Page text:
TP 181 The Burden and Risk Factors of Multiple Reproductive Tract Infections Among HIV-Seropositive Women in North India

Tuesday, June 10, 2014
Exhibit Hall
Vineeta Sharma, MSc1, Subash C Sonkar, MSc2, Showket Hussain, PhD3, Shweta Sharma, MSc4, Pallavi Singhal, MSc4, Daman Saluja, PhD5, Vishnampettai Ramachandran, PhD6 and Mausumi Bharadwaj, PhD4, 1Molecular Genetics & Biochemistry, Institute of Cytology & Preventive Oncology, Noida, India, 2Medical Biotechnology Lab,, ACBR, University of Delhi, Delhi, DE, India, 3Institute of Cytology & Preventive Oncology, Noida, India, 4Institute of Cytology & Preventive Oncology, 5Medical Biotechnology Lab, ACBR, University of Delhi, Delhi, India, 6University College of Medical Sciences (University of Delhi)

Background: Screening of women for Reproductive Tract infection (RTI) e.g. Human Papillomavirus (HPV), Chlamydia trachomatis (C. trachomatis) etc, in developing countries is highly desirable because of asymptomatic infection. Presence of sexually transmitted diseases (STDs) facilitates shedding of human immunodeficiency virus (HIV). Therefore, the present study was conducted to investigate the presence of HPV, C. trachomatis, Trichomonas vaginalis (T.vaginalis) and Neisseria gonorrhoeae (N. gonorrhoeae) infections in HIV-seropositive women in North India.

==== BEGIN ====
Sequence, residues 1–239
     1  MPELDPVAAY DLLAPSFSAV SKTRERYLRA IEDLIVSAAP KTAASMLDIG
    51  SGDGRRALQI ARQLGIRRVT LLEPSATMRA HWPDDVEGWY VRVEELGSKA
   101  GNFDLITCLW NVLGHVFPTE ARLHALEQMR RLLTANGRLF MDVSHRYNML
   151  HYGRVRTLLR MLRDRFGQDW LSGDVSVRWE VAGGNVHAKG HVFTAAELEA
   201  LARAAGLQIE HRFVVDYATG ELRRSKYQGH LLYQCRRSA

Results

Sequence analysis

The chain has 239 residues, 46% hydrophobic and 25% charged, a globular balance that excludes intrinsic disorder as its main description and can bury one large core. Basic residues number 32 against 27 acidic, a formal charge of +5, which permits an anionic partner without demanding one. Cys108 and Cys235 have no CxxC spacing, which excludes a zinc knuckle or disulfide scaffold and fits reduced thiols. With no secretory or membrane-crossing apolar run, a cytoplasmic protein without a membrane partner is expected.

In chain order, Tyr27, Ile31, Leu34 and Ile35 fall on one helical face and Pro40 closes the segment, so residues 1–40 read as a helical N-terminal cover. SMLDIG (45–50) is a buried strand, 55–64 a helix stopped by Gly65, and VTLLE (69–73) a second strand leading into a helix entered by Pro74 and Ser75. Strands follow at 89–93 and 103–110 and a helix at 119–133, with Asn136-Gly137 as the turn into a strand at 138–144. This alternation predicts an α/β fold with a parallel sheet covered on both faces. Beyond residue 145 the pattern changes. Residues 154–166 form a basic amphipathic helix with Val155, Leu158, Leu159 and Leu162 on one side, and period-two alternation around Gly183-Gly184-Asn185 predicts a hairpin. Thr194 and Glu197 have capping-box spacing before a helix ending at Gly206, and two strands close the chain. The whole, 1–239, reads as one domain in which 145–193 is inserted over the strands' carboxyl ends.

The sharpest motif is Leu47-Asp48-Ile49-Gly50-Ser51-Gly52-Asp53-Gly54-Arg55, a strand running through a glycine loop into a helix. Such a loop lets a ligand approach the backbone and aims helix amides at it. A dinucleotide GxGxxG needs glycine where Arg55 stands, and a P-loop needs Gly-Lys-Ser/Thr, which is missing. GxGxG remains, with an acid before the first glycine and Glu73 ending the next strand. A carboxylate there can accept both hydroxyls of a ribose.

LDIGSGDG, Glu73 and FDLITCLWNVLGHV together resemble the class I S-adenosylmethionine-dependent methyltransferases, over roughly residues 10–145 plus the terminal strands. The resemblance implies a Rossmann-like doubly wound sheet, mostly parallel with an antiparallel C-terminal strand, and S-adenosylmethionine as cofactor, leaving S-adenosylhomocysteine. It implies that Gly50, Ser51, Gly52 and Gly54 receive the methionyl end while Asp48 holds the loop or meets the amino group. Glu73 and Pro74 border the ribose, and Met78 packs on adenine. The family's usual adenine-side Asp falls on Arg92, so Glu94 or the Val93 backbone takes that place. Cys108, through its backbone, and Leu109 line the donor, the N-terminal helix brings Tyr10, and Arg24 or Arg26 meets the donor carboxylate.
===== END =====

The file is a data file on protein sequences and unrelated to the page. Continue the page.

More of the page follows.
Methods: The study included a total of 220 women, of which 120 cases were HIV-seropositive, and attending the antiretroviral therapy (ART) clinic at New Delhi. The remaining 100 control subjects were coming for routine check-up in Gynecological clinic. Cervical scrapes were used for evaluation of RTIs with prior informed consent. The samples were tested for HPV, C. trachomatis , T. vaginalis and N. gonorrhoeae  by using  PCR., and Bacterial vaginosis was detected  through cervical cytology.

Results: Among the HIV-seropositive cases, positivity for infections including HPV 19% (23/120), C. trachomatis 12% (14/120), T. vaginallis 6% (7/120) and Bacterial vaginosis was observed 21% (25/120). In control subjects, prevalence of HPV 4% (4/100), C. trachomatis 2% (2/100), T. vaginalis 2% (2/100) and B. vaginosis was observed in 4% (4/100). We observed multiple partners (p=0.0005, OR=0.1933, 95%CI=0.077-0.48) and smoking (p=0.0164, OR=2.54, 95%CI=1.26-4.7) as a positively associated risk factors for RTI. N. gonorrhoeae infection was not observed in any sample. So, prevalence of RTIs is more in HIV patient in comparison to healthy controls.

Conclusions: The presence of HPV, C. trachomatis, T. vaginalis and B. vaginosis infection demonstrates its role in HIV-seropositive women in North India. There is need to continuously screen, counsel, treat and monitor trends of RTIs, Future studies may be conducted on evaluating the role of host genetic factors in the development of RTIs and related complications in symptomatic and asymptotic women.